Review | A Sea of Pearls & Leaves – Rosalyn Briar

About the Book

Princess Ingrid of Norella Isle does not want to get married. So, her priestess girlfriend, Lilura, devises a wicked plot to deter suitors with a nearly impossible marriage contract: should Ingrid die first, her husband must be buried at sea beside her.

The plan backfires when all seven suitors agree, and the king announces a competition for Ingrid’s hand. Ingrid must keep her head above water as she deals with the suitors, a jealous girlfriend, and the news of two murdered priestesses.

As the suitors are eliminated, one man stands out: the quirky and anxious Prince Soren who charms both Ingrid and Lilura. 

When Lilura goes missing, Ingrid and Soren must piece together who has murdered the priestesses and why before it’s too late.

CW: This novel contains violence, sexual situations, and adult language.

322 pages (kindle) 
Published on December 1, 2020
Buy the book 

I recently went onto Twitter and asked for LGBTQIA+ indie fantasy recommendations (If you’ve got suggestions, hit me with them). When someone suggested A Sea of Pearls & Leaves, I knew I had to give it a try. I’m a huge sucker for fairytale retellings. While I’m not familiar with the tale this one is inspired by, I still felt the fairytale aspect of it throughout every page. 

First of all, can we all take a moment to admire that cover, because it is absolutely beautiful. I could just look at it forever. 

And honestly, the cover is a good representative of the book itself. It’s unique, gets your attention right away, and makes you want to know more. 

A Sea of Pearls & Leaves tells the story of three people. Princess Ingrid, who is being told in no uncertain terms that it is her time to get married and produce the next generation. Ingrid’s girlfriend, Lilura, who obviously does not want Ingrid to get married (neither does Ingrid, for that matter), and Prince Soren, who sweeps into the scene along with a handful of other princes and begins to win over hearts and minds. 

However, not everything is hinging on this marriage arrangement. There is plenty going on that does not focus on romance. For example, Ingrid is being stalked by some evil doppelganger, and people start dying in and around the palace. 

There’s a lot to unpack, but thankfully this is the kind of book that can handle it, and manages to balance all the different elements really well. The pacing is perfect, never a dull moment, and yet the author doesn’t shy away from quiet, intimate moments either. This made things feel well balanced, never too much focus on any one aspect of the book, always something to keep the reader engaged and moving forward. Plenty of twists along the way. 

I want to speak a bit about the relationships, because this book is, fundamentally, about relationships. I really enjoyed seeing a well-established relationship from the start between Ingrid and Lilura. It was stable and balanced, with each party offering something the other needed. The fact they were comfortable with each other, and their place in each other’s lives, was really refreshing. It isn’t often in fantasy where I read about established, comfortable relationships like this, and while they go through growing pains, and some changes in their dynamics with each other, it felt right and true to the nature of who they were, and their relationship.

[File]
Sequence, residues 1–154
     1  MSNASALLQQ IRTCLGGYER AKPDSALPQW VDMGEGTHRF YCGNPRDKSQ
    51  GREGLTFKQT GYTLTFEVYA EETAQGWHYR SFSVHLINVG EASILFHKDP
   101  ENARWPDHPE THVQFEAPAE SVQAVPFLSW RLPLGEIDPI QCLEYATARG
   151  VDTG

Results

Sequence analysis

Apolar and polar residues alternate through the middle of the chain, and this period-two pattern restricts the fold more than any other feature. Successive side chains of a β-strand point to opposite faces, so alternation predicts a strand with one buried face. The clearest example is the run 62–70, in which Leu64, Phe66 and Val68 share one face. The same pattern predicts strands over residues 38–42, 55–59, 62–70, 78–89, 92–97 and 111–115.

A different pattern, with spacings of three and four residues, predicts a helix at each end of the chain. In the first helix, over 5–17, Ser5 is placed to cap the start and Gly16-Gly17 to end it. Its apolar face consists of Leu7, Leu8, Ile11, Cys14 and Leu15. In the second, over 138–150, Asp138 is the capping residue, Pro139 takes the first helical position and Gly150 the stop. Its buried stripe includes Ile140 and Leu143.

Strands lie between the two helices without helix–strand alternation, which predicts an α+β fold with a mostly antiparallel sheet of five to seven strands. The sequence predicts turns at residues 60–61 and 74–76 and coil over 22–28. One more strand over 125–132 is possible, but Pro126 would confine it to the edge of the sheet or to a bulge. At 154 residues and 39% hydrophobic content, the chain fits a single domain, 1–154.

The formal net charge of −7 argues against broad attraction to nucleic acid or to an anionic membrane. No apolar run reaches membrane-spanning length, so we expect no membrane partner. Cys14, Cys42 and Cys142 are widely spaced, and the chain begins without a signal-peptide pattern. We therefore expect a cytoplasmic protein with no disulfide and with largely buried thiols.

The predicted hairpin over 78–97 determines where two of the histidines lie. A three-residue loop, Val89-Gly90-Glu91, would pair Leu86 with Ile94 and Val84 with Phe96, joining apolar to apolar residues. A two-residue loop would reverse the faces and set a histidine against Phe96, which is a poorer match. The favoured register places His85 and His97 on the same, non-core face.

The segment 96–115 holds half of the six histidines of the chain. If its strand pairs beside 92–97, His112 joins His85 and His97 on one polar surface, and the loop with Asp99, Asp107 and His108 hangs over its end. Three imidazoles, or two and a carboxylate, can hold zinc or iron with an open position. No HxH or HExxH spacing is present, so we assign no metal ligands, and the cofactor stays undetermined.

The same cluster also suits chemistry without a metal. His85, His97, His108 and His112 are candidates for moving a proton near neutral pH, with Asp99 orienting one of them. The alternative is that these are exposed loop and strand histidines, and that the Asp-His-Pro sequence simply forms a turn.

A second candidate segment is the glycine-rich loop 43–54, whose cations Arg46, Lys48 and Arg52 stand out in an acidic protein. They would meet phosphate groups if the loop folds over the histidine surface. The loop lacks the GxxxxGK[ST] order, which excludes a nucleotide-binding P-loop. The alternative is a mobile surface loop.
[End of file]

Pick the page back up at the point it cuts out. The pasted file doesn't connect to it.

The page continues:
In fact, I will say this book deals with relationships in a way I didn’t expect, and I found the sex-positive aspects (sex is spoken of, hinted at, but never explicit, really. This is not an erotica, do not mistake it as such.) also incredibly refreshing, and the representation in this book was well done, and carefully, thoughtfully written. So, bonus points for established relationships, and sex-positive dynamics.

There are three perspectives in this book, and I will say this might be where I struggled a bit. Their voices, while unique, aren’t unique enough to always be able to tell them apart, so I did occasionally find myself flipping back to the chapter headings to remind myself who I was reading about in this chapter. This was especially noticeable in Ingrid and Lilura’s chapters. However, this didn’t ultimately detract overmuch from my enjoyment of the book as a whole. As time passes, each of these characters has enough going on in their own arcs to be able to distinguish from actions easily enough. 

A Sea of Pearls & Leaves is carefully written, with a flowing style that sweeps its readers away. I enjoyed how descriptive the author could be, without ever really dipping a toe into purple. She knew when to lean into things, and when to back off and leave just enough hints. She was great at dropping cues, and unraveling things in a way that kept readers engaged and constantly moving forward. 

The magic system truly shines as well. I love magic systems that have definite boundaries and parameters and that’s what I found here. Magic is used, but only so much, and only for certain reasons and in certain ways. I enjoyed how thoughtfully done it was, and how it’s strengths and limitations played into the book as a whole. 

All in all, A Sea of Pearls & Leaves was a surprise, and a welcome one. This book swept me away. Once I got started, I had a hard time putting it down. Well-written, thoughtfully crafted, with characters you can’t help but love, A Sea of Pearls & Leaves is well worth reading, especially if you’re a fan of LGBTQIA+ representation and fairytale retellings. 

4/5 stars